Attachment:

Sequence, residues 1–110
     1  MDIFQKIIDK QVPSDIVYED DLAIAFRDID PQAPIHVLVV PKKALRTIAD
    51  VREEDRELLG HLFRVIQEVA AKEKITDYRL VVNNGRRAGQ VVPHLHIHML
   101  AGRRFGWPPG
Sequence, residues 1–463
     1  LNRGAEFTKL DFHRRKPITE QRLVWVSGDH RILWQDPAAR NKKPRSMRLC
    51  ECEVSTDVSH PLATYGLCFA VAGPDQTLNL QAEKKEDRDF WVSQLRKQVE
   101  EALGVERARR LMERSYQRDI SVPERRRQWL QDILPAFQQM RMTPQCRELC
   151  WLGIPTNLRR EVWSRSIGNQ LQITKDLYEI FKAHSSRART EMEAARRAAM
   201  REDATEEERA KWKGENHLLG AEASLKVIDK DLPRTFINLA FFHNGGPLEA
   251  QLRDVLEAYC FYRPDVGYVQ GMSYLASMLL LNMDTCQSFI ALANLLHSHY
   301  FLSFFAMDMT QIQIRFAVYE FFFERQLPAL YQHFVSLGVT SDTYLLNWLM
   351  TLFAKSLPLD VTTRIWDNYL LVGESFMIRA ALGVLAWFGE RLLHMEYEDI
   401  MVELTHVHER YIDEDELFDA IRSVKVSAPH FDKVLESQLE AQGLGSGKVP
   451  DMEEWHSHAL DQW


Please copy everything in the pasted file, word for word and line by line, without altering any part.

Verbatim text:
Sequence, residues 1–110
     1  MDIFQKIIDK QVPSDIVYED DLAIAFRDID PQAPIHVLVV PKKALRTIAD
    51  VREEDRELLG HLFRVIQEVA AKEKITDYRL VVNNGRRAGQ VVPHLHIHML
   101  AGRRFGWPPG
Sequence, residues 1–463
     1  LNRGAEFTKL DFHRRKPITE QRLVWVSGDH RILWQDPAAR NKKPRSMRLC
    51  ECEVSTDVSH PLATYGLCFA VAGPDQTLNL QAEKKEDRDF WVSQLRKQVE
   101  EALGVERARR LMERSYQRDI SVPERRRQWL QDILPAFQQM RMTPQCRELC
   151  WLGIPTNLRR EVWSRSIGNQ LQITKDLYEI FKAHSSRART EMEAARRAAM
   201  REDATEEERA KWKGENHLLG AEASLKVIDK DLPRTFINLA FFHNGGPLEA
   251  QLRDVLEAYC FYRPDVGYVQ GMSYLASMLL LNMDTCQSFI ALANLLHSHY
   301  FLSFFAMDMT QIQIRFAVYE FFFERQLPAL YQHFVSLGVT SDTYLLNWLM
   351  TLFAKSLPLD VTTRIWDNYL LVGESFMIRA ALGVLAWFGE RLLHMEYEDI
   401  MVELTHVHER YIDEDELFDA IRSVKVSAPH FDKVLESQLE AQGLGSGKVP
   451  DMEEWHSHAL DQW